I have always worn saris - I used to learn classical dance as a kid, as well as several forms of Indian folk dances, so I’d known how to wear one since the age of nine or ten. The school I went to for my dance classes used to go on tour to other cities every year, so we had to learn to manage by ourselves, without having our moms around to help us out. So I didn’t actually face that fairly common problem that most girls come across for the first time in Class XII (or even Class X): “How will I manage my sari at my school farewell?!” So naturally, come college time as well, I didn’t worry about what I should wear at the fresher’s day functions and stuff. I’d wear a sari, as I always did for any kind of dressy occasion - weddings, festivals, everything.
There was one thing that was different, though. I’d gone to an all-girls’ school. So all my sari-wearing had mostly been in front of girls. And everywhere else I’d worn a sari - there too I was constantly surrounded by family and friends and stuff. They’d all pointed out that my sari-wearing was just a tiny little bit scandalous since I habitually tied it pretty low on my waist, but I’d never been bothered since it was always in front of people I had known all my life. No embarrassment or worry.
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But my college was different - it was a co-ed one, and the fresher’s function was going to be happening at the amphitheatre. An open-air venue, which would be full of the good two or three thousand students from the arts, science and engineering faculties, as well as professors. And as a complete fuccha, I wanted to make a good impression, not a “scandalous” one. Despite having performed on stage for years, I was suddenly very nervous. I did NOT want people thinking I was showing too much skin so early on in my college career and develop a “reputation”. Especially since the college had, I'd heard from people, a few incidents of ragging every year. So, after much deliberation, I decided that I was going to tie my sari as high as possible. Up to my neck, if possible, I thought to myself as I got ready for the function.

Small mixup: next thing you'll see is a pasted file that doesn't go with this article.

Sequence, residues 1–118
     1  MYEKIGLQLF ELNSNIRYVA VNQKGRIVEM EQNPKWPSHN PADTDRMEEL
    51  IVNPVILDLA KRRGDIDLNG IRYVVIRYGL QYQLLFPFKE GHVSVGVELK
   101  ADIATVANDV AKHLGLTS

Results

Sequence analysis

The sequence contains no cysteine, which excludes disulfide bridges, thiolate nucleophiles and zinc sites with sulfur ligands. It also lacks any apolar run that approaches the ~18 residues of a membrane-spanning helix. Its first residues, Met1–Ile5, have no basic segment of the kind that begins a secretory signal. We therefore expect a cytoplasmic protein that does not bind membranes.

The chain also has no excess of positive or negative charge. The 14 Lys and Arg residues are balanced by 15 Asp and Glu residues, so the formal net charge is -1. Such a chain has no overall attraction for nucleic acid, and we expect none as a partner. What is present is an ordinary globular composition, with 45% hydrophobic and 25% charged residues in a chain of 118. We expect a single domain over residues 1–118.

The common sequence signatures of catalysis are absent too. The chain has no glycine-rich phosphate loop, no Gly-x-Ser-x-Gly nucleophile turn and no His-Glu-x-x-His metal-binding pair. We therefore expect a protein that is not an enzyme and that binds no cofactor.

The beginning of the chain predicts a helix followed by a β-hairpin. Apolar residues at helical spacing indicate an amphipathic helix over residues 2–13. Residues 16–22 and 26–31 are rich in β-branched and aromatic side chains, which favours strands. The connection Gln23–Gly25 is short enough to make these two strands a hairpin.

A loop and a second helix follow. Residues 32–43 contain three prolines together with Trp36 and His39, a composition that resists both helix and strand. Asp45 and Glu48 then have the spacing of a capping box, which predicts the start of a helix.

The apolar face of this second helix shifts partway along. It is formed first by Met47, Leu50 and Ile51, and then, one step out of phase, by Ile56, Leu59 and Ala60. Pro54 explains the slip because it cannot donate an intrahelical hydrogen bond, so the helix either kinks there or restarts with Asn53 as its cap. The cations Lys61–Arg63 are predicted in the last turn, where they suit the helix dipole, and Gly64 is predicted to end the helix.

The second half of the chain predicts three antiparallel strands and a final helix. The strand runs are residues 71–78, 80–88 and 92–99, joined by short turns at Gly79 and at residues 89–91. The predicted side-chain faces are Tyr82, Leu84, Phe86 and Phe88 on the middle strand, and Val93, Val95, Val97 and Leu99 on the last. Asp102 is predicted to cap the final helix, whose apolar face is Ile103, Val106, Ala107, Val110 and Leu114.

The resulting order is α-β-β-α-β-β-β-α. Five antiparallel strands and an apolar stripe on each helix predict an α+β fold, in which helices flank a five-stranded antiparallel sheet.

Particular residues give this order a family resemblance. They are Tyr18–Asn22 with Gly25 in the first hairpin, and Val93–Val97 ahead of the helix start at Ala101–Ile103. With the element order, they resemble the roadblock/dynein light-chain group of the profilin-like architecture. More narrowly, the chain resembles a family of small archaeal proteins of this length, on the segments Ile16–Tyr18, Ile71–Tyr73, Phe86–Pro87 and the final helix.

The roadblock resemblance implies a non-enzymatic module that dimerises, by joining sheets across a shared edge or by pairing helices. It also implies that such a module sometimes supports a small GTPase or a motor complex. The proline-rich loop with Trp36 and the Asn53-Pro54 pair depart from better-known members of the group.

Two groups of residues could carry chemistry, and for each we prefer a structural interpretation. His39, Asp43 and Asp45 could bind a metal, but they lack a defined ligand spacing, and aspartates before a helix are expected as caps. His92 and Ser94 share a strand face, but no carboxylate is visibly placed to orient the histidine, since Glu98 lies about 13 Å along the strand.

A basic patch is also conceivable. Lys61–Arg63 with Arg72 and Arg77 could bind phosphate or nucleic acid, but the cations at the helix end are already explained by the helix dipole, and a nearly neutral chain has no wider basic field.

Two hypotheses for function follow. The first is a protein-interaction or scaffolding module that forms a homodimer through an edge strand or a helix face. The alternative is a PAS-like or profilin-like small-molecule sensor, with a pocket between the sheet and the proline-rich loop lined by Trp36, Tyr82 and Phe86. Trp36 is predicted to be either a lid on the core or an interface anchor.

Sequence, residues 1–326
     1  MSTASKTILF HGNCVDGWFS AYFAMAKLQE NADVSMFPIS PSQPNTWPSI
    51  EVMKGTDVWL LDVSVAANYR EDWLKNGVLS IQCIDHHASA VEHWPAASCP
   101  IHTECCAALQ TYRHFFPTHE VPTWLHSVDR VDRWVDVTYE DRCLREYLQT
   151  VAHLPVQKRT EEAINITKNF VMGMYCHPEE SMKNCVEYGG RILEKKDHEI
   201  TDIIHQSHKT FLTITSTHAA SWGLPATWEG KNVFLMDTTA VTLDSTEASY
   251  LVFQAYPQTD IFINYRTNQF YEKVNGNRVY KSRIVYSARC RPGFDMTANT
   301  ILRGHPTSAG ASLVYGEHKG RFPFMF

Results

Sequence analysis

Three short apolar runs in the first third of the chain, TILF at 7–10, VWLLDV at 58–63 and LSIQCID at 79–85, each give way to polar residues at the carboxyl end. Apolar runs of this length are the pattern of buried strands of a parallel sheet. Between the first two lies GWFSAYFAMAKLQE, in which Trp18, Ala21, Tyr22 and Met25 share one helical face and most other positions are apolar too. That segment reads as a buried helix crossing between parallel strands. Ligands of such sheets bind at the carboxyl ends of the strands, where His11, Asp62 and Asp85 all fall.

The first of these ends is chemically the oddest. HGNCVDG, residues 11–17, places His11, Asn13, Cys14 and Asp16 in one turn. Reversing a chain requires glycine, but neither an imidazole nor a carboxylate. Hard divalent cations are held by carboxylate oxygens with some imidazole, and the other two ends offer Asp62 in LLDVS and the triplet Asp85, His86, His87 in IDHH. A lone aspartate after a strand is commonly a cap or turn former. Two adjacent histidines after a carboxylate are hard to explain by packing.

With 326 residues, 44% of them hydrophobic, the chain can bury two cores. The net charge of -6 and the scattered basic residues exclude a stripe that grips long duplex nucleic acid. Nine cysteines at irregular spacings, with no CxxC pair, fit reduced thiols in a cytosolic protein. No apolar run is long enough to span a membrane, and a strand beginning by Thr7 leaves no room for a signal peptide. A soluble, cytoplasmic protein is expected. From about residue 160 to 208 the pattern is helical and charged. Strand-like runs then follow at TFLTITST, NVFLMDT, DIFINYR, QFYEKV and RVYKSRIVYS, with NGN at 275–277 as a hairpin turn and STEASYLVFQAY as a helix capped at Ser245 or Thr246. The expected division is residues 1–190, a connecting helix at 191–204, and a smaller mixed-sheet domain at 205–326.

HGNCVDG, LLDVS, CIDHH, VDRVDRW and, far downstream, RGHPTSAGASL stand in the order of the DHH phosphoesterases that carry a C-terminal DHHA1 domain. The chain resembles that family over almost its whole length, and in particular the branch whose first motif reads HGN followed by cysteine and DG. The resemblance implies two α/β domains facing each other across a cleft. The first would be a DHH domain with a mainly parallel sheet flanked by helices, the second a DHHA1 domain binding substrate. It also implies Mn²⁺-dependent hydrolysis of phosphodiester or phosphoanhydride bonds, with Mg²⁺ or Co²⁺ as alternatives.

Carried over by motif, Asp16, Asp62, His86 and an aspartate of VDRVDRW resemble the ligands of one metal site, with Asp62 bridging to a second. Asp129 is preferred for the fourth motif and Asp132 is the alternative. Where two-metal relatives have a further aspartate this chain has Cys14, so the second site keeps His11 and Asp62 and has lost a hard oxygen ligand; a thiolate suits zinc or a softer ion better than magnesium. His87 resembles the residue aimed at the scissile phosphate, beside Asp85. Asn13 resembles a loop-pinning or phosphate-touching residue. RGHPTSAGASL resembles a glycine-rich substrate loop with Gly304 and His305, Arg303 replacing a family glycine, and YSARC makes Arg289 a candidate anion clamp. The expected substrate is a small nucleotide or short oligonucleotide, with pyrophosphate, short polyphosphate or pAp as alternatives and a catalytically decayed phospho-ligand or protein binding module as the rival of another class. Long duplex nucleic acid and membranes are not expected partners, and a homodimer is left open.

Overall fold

The function went well, mostly. There were lots of songs performed by seniors from various departments, some dances too. Us newbies felt quite welcomed, actually. Which was surprising, since we'd kinda expected to get bullied or made fun of. It was a really nice to be made to feel part of the college community just a week in. So towards the end, when the seniors asked reps from each first year class to come up on stage and say a few words, I was most happy to volunteer. Off I went on stage and said nice thank-you-so-much type things. People clapped, and I felt like quite the rockstar for having been bold enough to do this instead of hiding behind people like most of the other first-years were doing. After that I turned to the boy from the history department, who was supposed to be speaking next, to hand him the mic. He stepped forward, I started walking back towards the stage exit...and then I felt this strange tug and slither. I looked down and almost fainted in horror - my sari had come off completely!